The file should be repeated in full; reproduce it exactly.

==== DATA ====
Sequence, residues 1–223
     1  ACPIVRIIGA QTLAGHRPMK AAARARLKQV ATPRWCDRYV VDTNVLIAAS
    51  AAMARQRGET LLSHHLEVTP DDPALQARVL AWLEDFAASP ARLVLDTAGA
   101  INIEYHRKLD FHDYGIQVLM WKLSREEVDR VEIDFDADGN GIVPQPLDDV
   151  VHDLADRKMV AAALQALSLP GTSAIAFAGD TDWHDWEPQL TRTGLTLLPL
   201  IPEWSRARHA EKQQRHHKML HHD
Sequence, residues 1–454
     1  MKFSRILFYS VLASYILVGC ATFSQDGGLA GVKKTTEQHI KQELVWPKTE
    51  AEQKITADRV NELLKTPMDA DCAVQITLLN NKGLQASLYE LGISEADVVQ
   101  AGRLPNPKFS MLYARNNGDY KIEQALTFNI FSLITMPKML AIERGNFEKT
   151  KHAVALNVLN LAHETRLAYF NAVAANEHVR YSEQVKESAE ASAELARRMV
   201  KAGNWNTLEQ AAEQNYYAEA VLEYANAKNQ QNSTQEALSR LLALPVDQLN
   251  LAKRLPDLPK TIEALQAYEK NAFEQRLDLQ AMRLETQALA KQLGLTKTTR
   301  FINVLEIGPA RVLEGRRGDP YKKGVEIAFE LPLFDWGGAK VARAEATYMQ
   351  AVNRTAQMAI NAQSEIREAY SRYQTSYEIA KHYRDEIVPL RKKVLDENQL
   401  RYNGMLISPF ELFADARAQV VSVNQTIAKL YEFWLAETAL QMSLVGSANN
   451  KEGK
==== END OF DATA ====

Sequence, residues 1–223
     1  ACPIVRIIGA QTLAGHRPMK AAARARLKQV ATPRWCDRYV VDTNVLIAAS
    51  AAMARQRGET LLSHHLEVTP DDPALQARVL AWLEDFAASP ARLVLDTAGA
   101  INIEYHRKLD FHDYGIQVLM WKLSREEVDR VEIDFDADGN GIVPQPLDDV
   151  VHDLADRKMV AAALQALSLP GTSAIAFAGD TDWHDWEPQL TRTGLTLLPL
   201  IPEWSRARHA EKQQRHHKML HHD
Sequence, residues 1–454
     1  MKFSRILFYS VLASYILVGC ATFSQDGGLA GVKKTTEQHI KQELVWPKTE
    51  AEQKITADRV NELLKTPMDA DCAVQITLLN NKGLQASLYE LGISEADVVQ
   101  AGRLPNPKFS MLYARNNGDY KIEQALTFNI FSLITMPKML AIERGNFEKT
   151  KHAVALNVLN LAHETRLAYF NAVAANEHVR YSEQVKESAE ASAELARRMV
   201  KAGNWNTLEQ AAEQNYYAEA VLEYANAKNQ QNSTQEALSR LLALPVDQLN
   251  LAKRLPDLPK TIEALQAYEK NAFEQRLDLQ AMRLETQALA KQLGLTKTTR
   301  FINVLEIGPA RVLEGRRGDP YKKGVEIAFE LPLFDWGGAK VARAEATYMQ
   351  AVNRTAQMAI NAQSEIREAY SRYQTSYEIA KHYRDEIVPL RKKVLDENQL
   401  RYNGMLISPF ELFADARAQV VSVNQTIAKL YEFWLAETAL QMSLVGSANN
   451  KEGK